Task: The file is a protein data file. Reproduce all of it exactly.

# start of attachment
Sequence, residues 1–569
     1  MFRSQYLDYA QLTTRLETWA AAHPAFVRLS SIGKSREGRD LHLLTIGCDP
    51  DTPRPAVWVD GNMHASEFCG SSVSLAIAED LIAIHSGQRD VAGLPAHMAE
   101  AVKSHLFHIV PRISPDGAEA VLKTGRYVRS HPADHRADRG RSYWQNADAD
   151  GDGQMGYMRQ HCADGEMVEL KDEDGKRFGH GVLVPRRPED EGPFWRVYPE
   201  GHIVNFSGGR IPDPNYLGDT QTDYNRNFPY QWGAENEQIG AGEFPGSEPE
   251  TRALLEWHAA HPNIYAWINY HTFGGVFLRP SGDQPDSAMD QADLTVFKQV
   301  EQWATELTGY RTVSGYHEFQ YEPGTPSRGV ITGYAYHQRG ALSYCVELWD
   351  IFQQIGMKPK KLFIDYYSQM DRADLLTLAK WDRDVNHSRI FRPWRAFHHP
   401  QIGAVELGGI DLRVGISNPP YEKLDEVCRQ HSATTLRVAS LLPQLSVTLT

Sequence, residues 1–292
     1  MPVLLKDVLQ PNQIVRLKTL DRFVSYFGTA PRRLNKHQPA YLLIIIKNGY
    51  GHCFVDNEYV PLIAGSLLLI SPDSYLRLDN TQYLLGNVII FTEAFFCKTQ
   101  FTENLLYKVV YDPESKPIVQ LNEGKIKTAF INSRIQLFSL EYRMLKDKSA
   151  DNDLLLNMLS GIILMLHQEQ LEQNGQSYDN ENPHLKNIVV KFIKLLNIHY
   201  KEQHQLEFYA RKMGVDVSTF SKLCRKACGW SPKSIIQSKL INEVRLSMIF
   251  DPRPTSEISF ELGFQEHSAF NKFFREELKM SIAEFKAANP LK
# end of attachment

Sequence, residues 1–569
     1  MFRSQYLDYA QLTTRLETWA AAHPAFVRLS SIGKSREGRD LHLLTIGCDP
    51  DTPRPAVWVD GNMHASEFCG SSVSLAIAED LIAIHSGQRD VAGLPAHMAE
   101  AVKSHLFHIV PRISPDGAEA VLKTGRYVRS HPADHRADRG RSYWQNADAD
   151  GDGQMGYMRQ HCADGEMVEL KDEDGKRFGH GVLVPRRPED EGPFWRVYPE
   201  GHIVNFSGGR IPDPNYLGDT QTDYNRNFPY QWGAENEQIG AGEFPGSEPE
   251  TRALLEWHAA HPNIYAWINY HTFGGVFLRP SGDQPDSAMD QADLTVFKQV
   301  EQWATELTGY RTVSGYHEFQ YEPGTPSRGV ITGYAYHQRG ALSYCVELWD
   351  IFQQIGMKPK KLFIDYYSQM DRADLLTLAK WDRDVNHSRI FRPWRAFHHP
   401  QIGAVELGGI DLRVGISNPP YEKLDEVCRQ HSATTLRVAS LLPQLSVTLT

Sequence, residues 1–292
     1  MPVLLKDVLQ PNQIVRLKTL DRFVSYFGTA PRRLNKHQPA YLLIIIKNGY
    51  GHCFVDNEYV PLIAGSLLLI SPDSYLRLDN TQYLLGNVII FTEAFFCKTQ
   101  FTENLLYKVV YDPESKPIVQ LNEGKIKTAF INSRIQLFSL EYRMLKDKSA
   151  DNDLLLNMLS GIILMLHQEQ LEQNGQSYDN ENPHLKNIVV KFIKLLNIHY
   201  KEQHQLEFYA RKMGVDVSTF SKLCRKACGW SPKSIIQSKL INEVRLSMIF
   251  DPRPTSEISF ELGFQEHSAF NKFFREELKM SIAEFKAANP LK